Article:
Tame Content Chaos and Manage Expectations with a Menu of Services

Here’s an awesome start to any content marketing manager’s day. You’ve just opened your content calendar and looked with glee at your perfectly planned month. Just the right number of pieces, just the right number of resources. Smooth sailing and clear seas ahead.

That’s when your Slack channel goes nuts.

Sales needs a last-minute landing page, field marketing needs a “quick” abstract for a speaking slot, and the CEO has a “brilliant blog idea” that absolutely must be published by tomorrow.

That’s when you realize there’s a mismatch between what other teams believe it takes to produce a piece of content and the effort that is actually required. To cut down on the content chaos, you need to reset expectations and educate the rest of your organization about the production process.

A menu of content marketing services is a straightforward way to change organizational behavior. This simple document outlines all the services your team offers and sets expectations around the scope of work and delivery times. Along with a few rules, it can help you manage expectations, reduce the volume of rush work, and meet your deadlines without stress.

To create your own menu of services, follow these six steps.

1. Decide what to include. Though it might be tempting to be very thorough, it’s best to keep things simple. For each content type, requesters only need to know the average scope of work (e.g. length in pages or words) and the estimated delivery time for final copy. It’s also a good idea to start your document with a couple of sentences describing the steps in your editorial process.

2. Measure your production times. You may have a good sense of how much time your team spends on each content type. Still, it’s a good idea to check your assumptions. Have your team track their time for a couple of months to get a more accurate read. In my experience, everyone underestimates. Projects almost always take longer than you think (and certainly longer than any of your requesters believe it to be).

3. Assess your actual turnaround times – and pad them. Like the number of hours, we always underestimate delivery dates. Be sure to take into consideration ALL of your other projects and allow extra time for those emergency projects that inevitably slip in.

4. Know your team’s limitations. It’s absolutely critical that you don’t overextend your resources. Determine how many projects your team can handle in a given month, quarter, or year. When reviewing incoming jobs, determine if they support your company’s overall business objectives. If they don’t, you’re on solid ground when assigning them a lower priority or even rejecting them.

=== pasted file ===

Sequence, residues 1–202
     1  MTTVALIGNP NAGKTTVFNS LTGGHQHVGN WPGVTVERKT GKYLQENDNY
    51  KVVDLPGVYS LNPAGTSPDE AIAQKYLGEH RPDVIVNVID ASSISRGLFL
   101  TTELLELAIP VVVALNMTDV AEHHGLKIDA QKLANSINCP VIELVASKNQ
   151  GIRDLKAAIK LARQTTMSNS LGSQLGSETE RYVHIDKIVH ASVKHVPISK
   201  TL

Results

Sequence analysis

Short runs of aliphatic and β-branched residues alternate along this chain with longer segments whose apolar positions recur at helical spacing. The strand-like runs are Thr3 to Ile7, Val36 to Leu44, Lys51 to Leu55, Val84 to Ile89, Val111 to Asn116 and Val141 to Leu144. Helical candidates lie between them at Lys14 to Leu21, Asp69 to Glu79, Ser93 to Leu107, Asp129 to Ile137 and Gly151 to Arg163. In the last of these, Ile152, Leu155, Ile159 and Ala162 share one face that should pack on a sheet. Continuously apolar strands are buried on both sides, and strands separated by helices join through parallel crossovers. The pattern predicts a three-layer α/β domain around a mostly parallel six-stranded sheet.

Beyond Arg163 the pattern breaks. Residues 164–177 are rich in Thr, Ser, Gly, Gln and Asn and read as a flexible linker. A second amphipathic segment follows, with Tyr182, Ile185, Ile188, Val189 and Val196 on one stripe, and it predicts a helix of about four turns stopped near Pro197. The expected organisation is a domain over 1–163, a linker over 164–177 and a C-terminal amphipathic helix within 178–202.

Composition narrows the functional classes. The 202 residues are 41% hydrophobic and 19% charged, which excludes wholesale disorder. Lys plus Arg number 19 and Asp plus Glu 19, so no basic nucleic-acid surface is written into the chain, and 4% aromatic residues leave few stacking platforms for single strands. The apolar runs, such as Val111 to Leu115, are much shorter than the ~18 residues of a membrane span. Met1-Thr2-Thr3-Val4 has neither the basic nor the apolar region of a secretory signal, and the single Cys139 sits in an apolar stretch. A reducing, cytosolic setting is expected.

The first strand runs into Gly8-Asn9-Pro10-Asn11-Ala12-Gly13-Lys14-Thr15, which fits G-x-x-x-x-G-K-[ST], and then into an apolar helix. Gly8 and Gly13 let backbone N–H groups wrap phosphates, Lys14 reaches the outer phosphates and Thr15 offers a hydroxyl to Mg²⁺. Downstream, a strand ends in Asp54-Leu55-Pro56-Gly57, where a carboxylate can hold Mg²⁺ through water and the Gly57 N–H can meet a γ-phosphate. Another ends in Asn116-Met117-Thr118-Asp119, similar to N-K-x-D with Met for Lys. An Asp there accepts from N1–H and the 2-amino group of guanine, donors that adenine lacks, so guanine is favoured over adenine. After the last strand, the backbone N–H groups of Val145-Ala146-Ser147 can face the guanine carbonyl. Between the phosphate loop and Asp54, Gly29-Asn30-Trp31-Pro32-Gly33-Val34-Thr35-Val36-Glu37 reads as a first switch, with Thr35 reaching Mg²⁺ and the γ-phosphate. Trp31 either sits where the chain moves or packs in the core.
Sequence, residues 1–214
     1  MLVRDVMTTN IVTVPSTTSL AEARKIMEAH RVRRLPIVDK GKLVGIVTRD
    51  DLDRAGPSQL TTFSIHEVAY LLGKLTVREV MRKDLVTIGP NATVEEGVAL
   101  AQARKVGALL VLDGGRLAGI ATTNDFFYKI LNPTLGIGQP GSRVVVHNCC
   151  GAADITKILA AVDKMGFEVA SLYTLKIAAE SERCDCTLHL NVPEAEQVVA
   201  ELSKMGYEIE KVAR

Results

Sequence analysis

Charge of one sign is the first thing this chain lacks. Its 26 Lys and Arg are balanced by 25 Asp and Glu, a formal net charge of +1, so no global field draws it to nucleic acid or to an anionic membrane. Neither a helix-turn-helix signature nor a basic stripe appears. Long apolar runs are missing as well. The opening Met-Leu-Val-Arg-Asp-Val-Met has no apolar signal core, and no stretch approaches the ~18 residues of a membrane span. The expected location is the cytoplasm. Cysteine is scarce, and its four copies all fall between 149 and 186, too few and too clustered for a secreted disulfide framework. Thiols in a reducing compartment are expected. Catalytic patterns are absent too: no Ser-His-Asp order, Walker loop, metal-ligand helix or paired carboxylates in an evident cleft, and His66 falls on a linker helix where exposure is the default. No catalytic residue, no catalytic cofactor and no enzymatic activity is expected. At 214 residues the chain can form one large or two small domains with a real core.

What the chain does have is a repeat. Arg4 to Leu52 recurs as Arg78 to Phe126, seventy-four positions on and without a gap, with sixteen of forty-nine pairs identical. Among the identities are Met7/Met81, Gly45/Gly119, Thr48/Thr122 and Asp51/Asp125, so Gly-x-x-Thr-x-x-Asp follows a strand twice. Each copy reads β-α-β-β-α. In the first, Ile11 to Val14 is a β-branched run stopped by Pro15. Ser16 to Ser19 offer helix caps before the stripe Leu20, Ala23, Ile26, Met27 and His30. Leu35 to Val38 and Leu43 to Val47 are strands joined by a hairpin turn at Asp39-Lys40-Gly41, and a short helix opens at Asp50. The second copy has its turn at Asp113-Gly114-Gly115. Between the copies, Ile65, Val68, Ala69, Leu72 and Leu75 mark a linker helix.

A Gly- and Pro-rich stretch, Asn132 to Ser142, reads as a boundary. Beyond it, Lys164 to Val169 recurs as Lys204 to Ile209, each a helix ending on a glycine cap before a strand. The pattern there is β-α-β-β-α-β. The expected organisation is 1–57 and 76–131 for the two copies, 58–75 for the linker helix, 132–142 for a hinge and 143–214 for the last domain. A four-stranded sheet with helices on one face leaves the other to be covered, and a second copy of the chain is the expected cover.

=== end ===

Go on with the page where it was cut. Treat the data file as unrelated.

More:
5. Communicate internally. Once you have your menu set, plan an internal launch campaign. Post your document in a prominent place, and instruct internal clients to review it before submitting any requests to your team. There are bound to be many questions, so don’t rely on an email blast alone. Meet with teams individually to walk through the menu, explain the editorial process, and listen to feedback.

6. Hold the (time) line. Rush projects will never disappear entirely, but training your internal clients to plan ahead will reduce the number that come your way. The average delivery time listed on your menu offers requesters valuable insight into actual production time. It also empowers you to push back on unreasonable requests.

Creating your menu of services takes a bit of time and work, but once it’s in place, you’ll notice an immediate difference. When you set expectations up front, you’ll receive fewer last-minute requests. It’s the easiest and fastest way to tame the content chaos.

Tame Content Chaos and Manage Expectations with a Menu of Services
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Diane Thieke

As the CEO and co-founder of Version A, I’m responsible for strategy and vision, as well as team and client happiness. My experience in journalism, public relations, and marketing proves I’ve built a career out of the things I’m most passionate about – curiosity, writing, media, and tech. I’m surrounded by smart, cool, creative professionals, so I’ve never been bored, had the Monday blues, or wanted to trade in the corporate job for the life of an author. Okay – that last one is a lie. #amwriting
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